They demanded that we get into the truck.

We out rightly refused, pretending that we could not understand what they were saying. Perhaps not wanting to physically restrain us in the streets — this is what it would have taken for them to arrest us — they told us to empty out our pockets on the hood of the truck. We piled our spare change and pocket fuzz out in the open for the cops to see. Perhaps realizing that we were not worth the bribe or the hassle of processing, they told us to go away, and they drove off.

I do believe that our tattoos had something to do with attracting this incident.

I have had a couple other run ins similar to this in South America, but, on the whole — when weighted against how much time I have spent in this region — these incidences are rare.

Though I do take precautions. I make sure that when traveling between places that I am wearing a long sleeve shirt and pants. If I choose to roll them up to reveal my tattoos, then I have the option to do so, if I want to cover up — such as a time when going through a police or military road block — I cover up. They type of shirt I wear is a button up, cotton, plaid, “farmer” shirt — they are lightweight, not too hot, can be unbuttoned and rebuttoned easily, and they are commonly worn in Central America amongst the ranchero classes. I usually also don’t go out in a t-shirt or tank top until I am familiar with a place and have a good lay of the land. I take these simple precautions of dress as a standard operating procedure, though I know that in most incidences it is not necessary — I repeat, tattoos are common here amongst foreign travelers.

In point, unless you or your friend are of Hispanic origins and stick around the urban areas of the region, there is very little chance that your tattoos will get you any more attention than a lot of stares and questions from curious locals. Just smile a lot, say hello to each person you pass in the street, and put on a gregarious face in public, and you should be alright. It is my impression that people will just think you are just another gringo backpacking in Latin America doing drugs, partying, and living permissively. But you are in think company, as MANY young people from all over the western world are here doing just that. There are so many hippies here stoned out of their minds all day long that the smokescreen against police harassment is thick. There is little chance that you will be picked out of a crowd and harassed because of your tattoos. It may happen — it probably WILL happen if you stay in this region long enough — but it should be a rare occurrence, and something that just happens from time to time to travelers in this part of the world. Not something to worry too much about.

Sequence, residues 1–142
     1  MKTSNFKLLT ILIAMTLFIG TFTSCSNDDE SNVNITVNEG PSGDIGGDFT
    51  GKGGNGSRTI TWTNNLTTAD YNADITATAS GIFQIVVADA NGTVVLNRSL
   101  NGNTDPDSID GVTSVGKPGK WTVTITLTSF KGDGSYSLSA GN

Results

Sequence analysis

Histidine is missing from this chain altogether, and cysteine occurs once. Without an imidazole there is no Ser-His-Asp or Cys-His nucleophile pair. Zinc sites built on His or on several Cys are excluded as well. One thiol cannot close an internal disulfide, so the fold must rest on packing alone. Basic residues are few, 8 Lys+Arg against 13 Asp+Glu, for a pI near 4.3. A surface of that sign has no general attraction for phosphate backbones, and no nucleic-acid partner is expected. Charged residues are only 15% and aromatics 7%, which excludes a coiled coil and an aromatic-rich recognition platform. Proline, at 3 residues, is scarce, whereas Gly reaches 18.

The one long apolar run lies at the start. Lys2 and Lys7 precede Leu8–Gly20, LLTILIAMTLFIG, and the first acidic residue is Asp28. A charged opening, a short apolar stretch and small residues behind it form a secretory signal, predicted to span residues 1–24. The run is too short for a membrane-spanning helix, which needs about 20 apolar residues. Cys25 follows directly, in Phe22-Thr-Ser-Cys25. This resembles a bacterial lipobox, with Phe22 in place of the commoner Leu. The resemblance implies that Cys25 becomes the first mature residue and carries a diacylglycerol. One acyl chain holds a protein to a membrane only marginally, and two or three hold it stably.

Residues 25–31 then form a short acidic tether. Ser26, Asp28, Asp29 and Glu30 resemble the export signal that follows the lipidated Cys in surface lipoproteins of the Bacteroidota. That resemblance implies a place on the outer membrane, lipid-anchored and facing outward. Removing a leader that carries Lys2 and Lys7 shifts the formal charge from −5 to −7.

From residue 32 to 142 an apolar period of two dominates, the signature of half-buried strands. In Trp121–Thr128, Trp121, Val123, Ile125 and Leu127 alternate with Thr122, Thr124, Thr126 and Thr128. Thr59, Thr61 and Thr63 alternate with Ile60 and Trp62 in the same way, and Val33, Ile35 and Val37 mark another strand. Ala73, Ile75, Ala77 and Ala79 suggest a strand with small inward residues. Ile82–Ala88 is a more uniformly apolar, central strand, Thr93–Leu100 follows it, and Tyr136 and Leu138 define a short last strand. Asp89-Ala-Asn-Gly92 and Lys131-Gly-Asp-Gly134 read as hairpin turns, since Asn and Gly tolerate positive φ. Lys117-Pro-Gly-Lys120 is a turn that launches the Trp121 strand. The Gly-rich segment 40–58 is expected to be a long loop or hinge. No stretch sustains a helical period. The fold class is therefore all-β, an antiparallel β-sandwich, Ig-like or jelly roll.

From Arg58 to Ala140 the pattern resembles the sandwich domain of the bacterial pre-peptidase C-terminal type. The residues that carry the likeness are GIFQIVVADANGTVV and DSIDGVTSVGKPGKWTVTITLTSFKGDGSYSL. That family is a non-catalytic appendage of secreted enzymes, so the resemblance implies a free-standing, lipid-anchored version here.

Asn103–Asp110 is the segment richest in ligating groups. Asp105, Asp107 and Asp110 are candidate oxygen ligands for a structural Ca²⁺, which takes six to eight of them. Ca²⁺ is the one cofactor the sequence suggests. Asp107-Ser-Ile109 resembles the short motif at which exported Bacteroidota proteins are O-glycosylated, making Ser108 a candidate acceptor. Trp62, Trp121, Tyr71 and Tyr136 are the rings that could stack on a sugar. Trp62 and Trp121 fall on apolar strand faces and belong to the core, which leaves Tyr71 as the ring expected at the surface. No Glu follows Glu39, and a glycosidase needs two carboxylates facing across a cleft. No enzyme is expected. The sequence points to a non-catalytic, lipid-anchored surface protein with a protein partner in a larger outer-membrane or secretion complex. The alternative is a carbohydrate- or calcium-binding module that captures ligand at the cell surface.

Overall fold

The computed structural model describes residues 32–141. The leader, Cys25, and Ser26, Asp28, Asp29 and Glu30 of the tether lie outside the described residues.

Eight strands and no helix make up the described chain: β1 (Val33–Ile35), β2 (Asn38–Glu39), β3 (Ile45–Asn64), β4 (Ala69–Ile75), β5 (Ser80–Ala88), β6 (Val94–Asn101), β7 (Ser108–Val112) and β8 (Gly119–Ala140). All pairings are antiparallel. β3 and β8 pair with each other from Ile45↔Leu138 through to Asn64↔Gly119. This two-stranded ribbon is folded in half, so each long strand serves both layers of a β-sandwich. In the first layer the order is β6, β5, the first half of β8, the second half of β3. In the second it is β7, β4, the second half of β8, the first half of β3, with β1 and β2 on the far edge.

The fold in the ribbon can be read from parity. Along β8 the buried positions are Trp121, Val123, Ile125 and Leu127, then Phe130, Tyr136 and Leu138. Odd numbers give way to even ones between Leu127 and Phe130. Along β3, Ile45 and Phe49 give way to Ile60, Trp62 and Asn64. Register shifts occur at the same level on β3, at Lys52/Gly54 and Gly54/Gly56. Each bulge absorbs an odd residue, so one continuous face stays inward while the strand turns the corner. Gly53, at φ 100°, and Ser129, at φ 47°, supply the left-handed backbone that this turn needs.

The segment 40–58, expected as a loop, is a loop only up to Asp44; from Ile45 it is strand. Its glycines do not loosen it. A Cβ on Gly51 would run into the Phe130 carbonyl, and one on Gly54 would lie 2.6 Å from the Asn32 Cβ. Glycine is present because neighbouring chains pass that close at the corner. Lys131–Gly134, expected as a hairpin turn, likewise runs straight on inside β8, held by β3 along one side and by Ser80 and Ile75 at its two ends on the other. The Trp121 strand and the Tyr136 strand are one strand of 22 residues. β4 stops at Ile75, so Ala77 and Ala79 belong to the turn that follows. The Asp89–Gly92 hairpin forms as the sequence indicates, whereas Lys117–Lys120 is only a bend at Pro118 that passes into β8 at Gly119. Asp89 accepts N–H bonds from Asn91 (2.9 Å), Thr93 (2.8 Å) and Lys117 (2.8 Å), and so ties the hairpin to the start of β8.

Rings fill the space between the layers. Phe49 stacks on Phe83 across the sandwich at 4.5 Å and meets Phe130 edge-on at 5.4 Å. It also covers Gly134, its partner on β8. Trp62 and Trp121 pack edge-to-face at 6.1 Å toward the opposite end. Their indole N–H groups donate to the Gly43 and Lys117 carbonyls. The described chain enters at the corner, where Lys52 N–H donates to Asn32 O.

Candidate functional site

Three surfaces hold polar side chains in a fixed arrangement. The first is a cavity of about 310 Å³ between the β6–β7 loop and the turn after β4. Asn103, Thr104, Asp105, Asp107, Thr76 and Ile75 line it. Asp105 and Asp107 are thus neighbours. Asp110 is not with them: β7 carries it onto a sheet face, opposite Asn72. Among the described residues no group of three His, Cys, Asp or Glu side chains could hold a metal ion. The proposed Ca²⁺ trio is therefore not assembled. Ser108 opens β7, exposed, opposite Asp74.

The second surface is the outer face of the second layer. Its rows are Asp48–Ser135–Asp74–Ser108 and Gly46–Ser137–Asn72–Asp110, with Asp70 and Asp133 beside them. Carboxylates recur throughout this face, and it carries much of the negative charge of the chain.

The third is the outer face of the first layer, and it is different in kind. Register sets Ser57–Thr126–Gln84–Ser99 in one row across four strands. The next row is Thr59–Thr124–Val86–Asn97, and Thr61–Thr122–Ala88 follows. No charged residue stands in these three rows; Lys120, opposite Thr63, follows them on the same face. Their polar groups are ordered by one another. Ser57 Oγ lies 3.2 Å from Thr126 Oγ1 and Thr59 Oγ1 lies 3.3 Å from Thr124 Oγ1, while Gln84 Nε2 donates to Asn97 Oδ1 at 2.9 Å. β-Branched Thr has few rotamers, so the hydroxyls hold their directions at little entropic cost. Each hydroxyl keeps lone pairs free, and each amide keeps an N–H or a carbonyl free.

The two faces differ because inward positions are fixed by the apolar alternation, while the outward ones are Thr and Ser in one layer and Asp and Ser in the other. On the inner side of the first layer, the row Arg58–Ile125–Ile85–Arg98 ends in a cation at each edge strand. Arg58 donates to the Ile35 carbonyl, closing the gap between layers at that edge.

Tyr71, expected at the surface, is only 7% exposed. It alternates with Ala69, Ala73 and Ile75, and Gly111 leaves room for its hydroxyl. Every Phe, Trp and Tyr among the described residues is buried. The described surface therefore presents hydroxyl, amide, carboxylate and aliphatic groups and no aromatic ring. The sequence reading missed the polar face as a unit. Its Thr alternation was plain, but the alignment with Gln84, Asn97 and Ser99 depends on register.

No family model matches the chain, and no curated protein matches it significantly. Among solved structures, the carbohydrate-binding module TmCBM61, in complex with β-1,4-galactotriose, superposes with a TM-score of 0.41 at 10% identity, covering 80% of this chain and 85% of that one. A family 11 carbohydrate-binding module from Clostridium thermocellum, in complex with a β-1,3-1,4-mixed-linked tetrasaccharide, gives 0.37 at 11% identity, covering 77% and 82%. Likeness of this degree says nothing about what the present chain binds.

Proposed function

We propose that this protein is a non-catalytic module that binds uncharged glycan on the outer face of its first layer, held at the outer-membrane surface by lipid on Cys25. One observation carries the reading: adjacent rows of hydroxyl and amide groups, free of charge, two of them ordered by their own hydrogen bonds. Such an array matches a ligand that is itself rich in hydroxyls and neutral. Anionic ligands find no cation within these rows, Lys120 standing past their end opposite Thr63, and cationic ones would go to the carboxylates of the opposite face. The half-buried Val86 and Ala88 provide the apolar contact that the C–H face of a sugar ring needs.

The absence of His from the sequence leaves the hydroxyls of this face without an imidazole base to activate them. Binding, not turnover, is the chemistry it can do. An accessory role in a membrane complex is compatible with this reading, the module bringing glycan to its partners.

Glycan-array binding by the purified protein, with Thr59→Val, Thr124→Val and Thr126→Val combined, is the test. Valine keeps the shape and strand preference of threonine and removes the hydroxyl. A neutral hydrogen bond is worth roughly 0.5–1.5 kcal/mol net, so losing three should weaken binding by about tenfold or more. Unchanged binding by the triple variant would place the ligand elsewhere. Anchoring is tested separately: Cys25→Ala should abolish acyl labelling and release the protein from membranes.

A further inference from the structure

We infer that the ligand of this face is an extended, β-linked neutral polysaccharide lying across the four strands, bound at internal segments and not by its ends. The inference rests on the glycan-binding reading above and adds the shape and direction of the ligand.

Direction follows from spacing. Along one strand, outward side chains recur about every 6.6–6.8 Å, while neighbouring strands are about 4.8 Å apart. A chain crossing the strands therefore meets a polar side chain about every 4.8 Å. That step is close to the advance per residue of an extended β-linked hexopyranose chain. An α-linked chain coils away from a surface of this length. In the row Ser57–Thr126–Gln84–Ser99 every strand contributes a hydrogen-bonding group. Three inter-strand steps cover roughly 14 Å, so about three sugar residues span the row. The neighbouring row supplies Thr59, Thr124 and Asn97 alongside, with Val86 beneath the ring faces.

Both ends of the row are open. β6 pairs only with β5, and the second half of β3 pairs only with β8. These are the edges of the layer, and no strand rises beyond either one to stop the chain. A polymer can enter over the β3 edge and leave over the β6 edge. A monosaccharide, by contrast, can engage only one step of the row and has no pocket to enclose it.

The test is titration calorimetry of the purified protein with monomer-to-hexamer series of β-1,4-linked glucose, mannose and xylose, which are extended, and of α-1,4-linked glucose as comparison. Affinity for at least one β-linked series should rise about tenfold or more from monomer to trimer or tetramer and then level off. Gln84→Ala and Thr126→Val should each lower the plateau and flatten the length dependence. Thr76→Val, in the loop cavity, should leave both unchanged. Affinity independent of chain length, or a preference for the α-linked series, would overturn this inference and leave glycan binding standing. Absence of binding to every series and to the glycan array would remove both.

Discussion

Having visible tattoos means that you could potentially be targeted for police harassment anywhere in the world. It happens sometimes, but it is rare. I have been traveling perpetually now for 11 years, and I can count the problems that my tattoos have caused for me on one hand.

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Filed under: Central America, Clothing, Danger, Nicaragua, Travel Help

About the Author:

Wade Shepard is the founder and editor of Vagabond Journey. He has been traveling the world since 1999, through 76 countries. He is the author of the book, Ghost Cities of China, and contributes to Forbes, The Diplomat, the South China Morning Post, and other publications. has written 3048 posts on Vagabond Journey. Contact the author.